How does iSCSI work?
When an end user or application sends a request, the operating system generates the appropriate SCSI commands and data request, which then go through encapsulation and, if necessary, encryption procedures. A packet header is added before the resulting IP packets are transmitted over an Ethernet connection. When a packet is received, it is decrypted (if it was encrypted before transmission), and disassembled, separating the SCSI commands and request. The SCSI commands are sent on to the SCSI controller, and from there to the SCSI storage device. Because iSCSI is bi-directional, the protocol can also be used to return data in response to the original request.
iSCSI is one of two main approaches to storage data transmission over IP networks; the other method, Fibre Channel over IP (FCIP), translates Fibre Channel control codes and data into IP packets for transmission between geographically distant Fibre Channel SANs. FCIP (also known as Fibre Channel tunneling or storage tunneling) can only be used in conjunction with Fibre Channel technology; in comparison, iSCSI can run over existing Ethernet networks. A number of vendors, including Cisco, IBM, and Nishan have introduced iSCSI-based products (such as switches and routers).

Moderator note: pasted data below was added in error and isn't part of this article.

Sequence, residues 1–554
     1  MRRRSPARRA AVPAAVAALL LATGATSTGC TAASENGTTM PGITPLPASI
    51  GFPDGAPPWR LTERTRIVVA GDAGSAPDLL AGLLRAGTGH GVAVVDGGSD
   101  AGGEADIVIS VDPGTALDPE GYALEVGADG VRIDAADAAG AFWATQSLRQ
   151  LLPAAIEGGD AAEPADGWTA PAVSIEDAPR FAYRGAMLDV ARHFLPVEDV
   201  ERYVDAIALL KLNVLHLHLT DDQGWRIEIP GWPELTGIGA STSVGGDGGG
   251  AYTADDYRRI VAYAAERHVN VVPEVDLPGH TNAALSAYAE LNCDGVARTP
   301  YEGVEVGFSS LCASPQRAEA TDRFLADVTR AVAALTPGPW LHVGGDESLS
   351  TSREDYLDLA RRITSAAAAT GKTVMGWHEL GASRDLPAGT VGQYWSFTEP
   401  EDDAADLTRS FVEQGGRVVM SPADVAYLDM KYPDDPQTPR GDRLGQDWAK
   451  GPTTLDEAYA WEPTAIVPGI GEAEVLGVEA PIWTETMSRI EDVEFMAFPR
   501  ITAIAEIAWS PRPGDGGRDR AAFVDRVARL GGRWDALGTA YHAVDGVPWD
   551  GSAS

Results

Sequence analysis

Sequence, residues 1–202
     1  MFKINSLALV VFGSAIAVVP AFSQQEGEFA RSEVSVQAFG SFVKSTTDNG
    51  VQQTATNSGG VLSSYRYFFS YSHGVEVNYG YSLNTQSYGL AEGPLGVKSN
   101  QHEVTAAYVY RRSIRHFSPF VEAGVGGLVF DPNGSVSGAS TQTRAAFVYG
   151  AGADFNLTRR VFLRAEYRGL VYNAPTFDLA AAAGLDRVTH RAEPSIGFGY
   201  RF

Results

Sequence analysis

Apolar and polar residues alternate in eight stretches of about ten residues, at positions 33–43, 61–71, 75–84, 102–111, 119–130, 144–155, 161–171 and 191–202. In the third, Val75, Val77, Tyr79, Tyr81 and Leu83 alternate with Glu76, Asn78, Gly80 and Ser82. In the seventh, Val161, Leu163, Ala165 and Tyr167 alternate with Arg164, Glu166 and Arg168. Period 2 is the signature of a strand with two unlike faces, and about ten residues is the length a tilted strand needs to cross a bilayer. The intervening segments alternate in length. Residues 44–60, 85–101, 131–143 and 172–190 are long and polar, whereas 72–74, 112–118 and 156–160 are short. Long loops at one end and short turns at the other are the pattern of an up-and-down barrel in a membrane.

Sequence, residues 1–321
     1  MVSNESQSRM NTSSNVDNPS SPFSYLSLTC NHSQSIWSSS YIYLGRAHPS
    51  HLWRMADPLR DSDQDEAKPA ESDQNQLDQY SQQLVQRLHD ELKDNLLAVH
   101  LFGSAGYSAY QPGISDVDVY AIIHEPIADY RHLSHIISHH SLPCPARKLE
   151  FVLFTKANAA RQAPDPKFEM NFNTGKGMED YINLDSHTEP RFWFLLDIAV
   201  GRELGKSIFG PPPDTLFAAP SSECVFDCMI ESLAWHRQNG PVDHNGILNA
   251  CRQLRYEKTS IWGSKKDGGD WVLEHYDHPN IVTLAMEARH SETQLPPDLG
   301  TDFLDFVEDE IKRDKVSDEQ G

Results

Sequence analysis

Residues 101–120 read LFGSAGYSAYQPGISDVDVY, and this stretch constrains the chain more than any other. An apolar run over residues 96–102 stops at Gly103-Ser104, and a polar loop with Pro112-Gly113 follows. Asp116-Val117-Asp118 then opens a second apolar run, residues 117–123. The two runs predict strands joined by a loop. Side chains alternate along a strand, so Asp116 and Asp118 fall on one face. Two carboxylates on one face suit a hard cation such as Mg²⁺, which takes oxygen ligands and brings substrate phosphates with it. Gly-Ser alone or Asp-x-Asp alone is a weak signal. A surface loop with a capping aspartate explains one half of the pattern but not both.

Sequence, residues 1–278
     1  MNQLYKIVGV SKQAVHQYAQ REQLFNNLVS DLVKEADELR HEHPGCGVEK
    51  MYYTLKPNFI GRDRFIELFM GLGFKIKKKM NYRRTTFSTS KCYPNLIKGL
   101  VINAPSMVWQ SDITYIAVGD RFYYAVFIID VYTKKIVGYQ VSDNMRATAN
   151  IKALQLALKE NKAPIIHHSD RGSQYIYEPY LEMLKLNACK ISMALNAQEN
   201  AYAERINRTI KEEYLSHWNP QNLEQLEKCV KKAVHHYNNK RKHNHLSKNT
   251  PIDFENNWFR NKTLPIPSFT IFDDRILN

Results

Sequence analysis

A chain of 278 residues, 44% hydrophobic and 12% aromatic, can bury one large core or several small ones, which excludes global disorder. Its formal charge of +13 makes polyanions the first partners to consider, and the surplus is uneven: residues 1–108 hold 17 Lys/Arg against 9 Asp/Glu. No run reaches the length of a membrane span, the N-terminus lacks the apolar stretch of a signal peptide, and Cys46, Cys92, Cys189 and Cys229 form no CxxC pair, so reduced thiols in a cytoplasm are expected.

Role of iSCSI
iSCSI is a data transport protocol used to carry block-level data over traditional Ethernet networks and the Internet. The term iSCSI stands for Internet SCSI or Internet Small Computer Systems Interface. SCSI itself is one of the oldest and most common protocols used to transfer blocks of data over short distances, typically between a server’s applications and the storage devices - - such as, disk drives - - that are directly attached to that server.a
iSCSI builds on the SCSI protocol by encapsulating SCSI commands and allowing these encapsulated data blocks to now be transported at an unlimited distance, via TCP/IP packets over traditional Ethernet networks.
The iSCSI protocol describes how blocks of data are to be transmitted between “initiators” on an Ethernet network and their storage “targets”. The following section further describes the role of initiators, targets and the iSCSI components typically required for an initial IP SAN implementation.
An initiator is typically a server hosting an application, where the application makes periodic requests for data to a related storage device. Initiators are also referred to as servers or host computers. The iSCSI device driver that resides on the server may also be called an initiator.
Initiators “initiate” (or begin) iSCSI data transport transactions by making an application request to send/receive data either to or from one or more storage devices. The application request is immediately converted into SCSI commands, then encapsulated into iSCSI where a packet and header are added for transport via TCP/IP over either the Internet or traditional Ethernet networks.